A 70% gap in performance.
    Ioniq hp: 118
    Bolt hp: 200

    The question will be if the Ioniq will be substantially cheaper than the Bolt. If not it doesn’t look good for the Ioniq.

    1. protomech says:

      Assume full charges at start and stop, 100 kW CCS available at each stop.

      150 mile trip:
      IONIQ – 1 stop to charge, 10-15 minutes
      Bolt – 0 stops

      250 mile trip:
      IONIQ – 2-3 stops to charge, 40-50 minutes total
      Bolt – 1 stops to charge, 20-30 minutes

      350 mile trip:
      IONIQ – 4+ stops to charge, 60-90 minutes total
      Bolt – 1-2 stops to charge, 60 minutes total

      With the faster charge (averaging 70 kW, 4.5 miles per minute), the IONIQ can catch up over a longer trip. It’s simply far less convenient and requires more exotic infrastructure that doesn’t exist today.

      There is no clear timeline for when that infrastructure will be commonly available, either.

  3. kosee says:

    Range matters slightly less then ubiquity of charging stations and their speed. If I can drive like 1.5 hours and then fill up 20 minutes and continue I won’t really care about the range of my vehicle.

    So it will depend on price and what are the offered charging options to decide what to buy.

    This vehicle might make an interesting turn of events reality. I think some German research already showed that the availability of chargers matters more then the range. This will be increasingly true when the charging speed goes up.

    GM better put a 100kw charger in their car otherwise it might not sell many bolts..

    Disregarding the model 3 here, I know. Perhaps nobody will sell much except tesla anyway..

    1. philip d says:

      I think there is a cut off for the minimum amount of range needed to have a realistic density of 100 kW chargers that can be reached across a wide range of weather and temperature variations for travel between cities.

      A 200+ mile EV will realistically give you at least at a minimum 150 miles of range in most weather and temperature scenarios. Even then chargers would need to be placed 120 miles apart which would require quite a bit more density than what Tesla provides with its Supercharger network.

      With the Ioniq’s 110 maximum range you could expect a reasonable minimum of 80-85 miles in most weather and temperature scenarios. So realistically you would need a nationwide network along all interstates that would have DC chargers 60-70 miles apart.

      Plus there are no 100 kW CCS chargers available now and none planned in the near future so it will likely not impact short term sales positively or negatively of either upcoming EV model.

      1. kosee says:

        According to fastned my country should be full of those faster chargers the moment they are available to them. So the Netherlands does have plans for that. I’m more worried about the rest of EU though… that’s where my tesla story comes to play.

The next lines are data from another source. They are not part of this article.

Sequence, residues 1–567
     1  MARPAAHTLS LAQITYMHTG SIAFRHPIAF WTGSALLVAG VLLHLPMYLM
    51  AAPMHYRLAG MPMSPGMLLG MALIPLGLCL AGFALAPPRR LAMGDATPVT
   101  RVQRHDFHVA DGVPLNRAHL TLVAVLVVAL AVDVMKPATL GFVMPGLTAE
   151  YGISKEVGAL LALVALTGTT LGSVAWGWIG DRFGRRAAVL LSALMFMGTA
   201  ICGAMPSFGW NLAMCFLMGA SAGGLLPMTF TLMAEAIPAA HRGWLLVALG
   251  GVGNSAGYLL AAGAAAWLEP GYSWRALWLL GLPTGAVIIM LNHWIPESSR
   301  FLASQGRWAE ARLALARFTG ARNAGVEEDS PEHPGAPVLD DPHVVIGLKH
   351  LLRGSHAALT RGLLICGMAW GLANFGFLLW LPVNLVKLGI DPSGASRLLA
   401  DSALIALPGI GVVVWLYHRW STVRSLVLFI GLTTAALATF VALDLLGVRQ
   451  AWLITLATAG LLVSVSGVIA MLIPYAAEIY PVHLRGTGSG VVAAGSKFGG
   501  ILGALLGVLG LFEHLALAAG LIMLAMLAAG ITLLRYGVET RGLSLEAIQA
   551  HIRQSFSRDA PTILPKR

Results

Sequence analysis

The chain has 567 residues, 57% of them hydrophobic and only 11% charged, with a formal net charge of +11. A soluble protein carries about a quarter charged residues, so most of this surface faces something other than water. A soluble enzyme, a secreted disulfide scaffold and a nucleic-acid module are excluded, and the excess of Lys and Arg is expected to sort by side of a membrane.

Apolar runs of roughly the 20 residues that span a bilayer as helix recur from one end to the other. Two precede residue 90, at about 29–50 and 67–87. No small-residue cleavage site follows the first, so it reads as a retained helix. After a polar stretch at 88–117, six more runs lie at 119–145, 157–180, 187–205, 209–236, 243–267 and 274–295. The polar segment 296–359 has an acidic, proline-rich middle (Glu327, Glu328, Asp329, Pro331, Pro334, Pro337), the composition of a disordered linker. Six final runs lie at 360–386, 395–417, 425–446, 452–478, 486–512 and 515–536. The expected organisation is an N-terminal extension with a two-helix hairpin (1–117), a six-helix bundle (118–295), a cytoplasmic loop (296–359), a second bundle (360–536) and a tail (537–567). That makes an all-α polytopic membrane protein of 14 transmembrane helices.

Also the low range in cold weather scenario doesn’t really apply here and I don’t really see myself driving far east or north during winter season.

    2. 2013VOLT says:

      This, if Tesla can get the reliability right on the Model 3 these other cars won’t have a chance. As I have said before, Tesla has a luxury cache’ that Hyundai and Chevrolet do not. If Model 3 price is similar to Bolt, most people will go Model 3.

      1. DonC says:

        Funny. Not sure how to respond. Of course a luxury version of a vehicle would be preferable at the same price. However, that never happens. In practice, at the same price point vehicles from luxury lines are always inferior to vehicles from the non-luxury brands.

        Given that GM has a huge cost advantage because of scale, the Model 3 will cost more or won’t match the Bolt EV on other parameters. (Tesla has already said $35K will not be the price “at first” so it should be clear how this will work out). The other disadvantage is coming out with a sedan body when the market has already made clear a preference for CUV bodies. A 200+ mile BEV-CUV will appeal to families owning single family homes and multiple vehicles. A small sedan BEV not so much. That’s more a vehicle for younger workers in cubicles who live in condos and apartments, and at this point there isn’t a lot of infrastructure supporting these type of owners.

        And yes reliability will be an issue. Hard to believe we’ll see anything major on this front until we stop hearing about how the reliability problems are all due to a few issues at the beginning of production run. At this point it’s just being treated as a PR issue.

        1. Rob Andrews says:

          I have a lot of respect for GM making a real EV. If they don’t get a real fast charger in the car and some kind of charging network, it will hurt their sales especially when compared to Tesla’s super charger network. In terms of reliability, not sure that any generalizations can be made, have seen reliable low cost cars and reliable high cost cars and every combination in between. Tesla has definitely had challenges just as most young companies do (e.g Hyundai ). Model 3 will have a lot of lessons learned from Model S and X. As one who has been in technology a long time, I am betting on Tesla, because they are the only company I see that understands all of the necessary elements of success.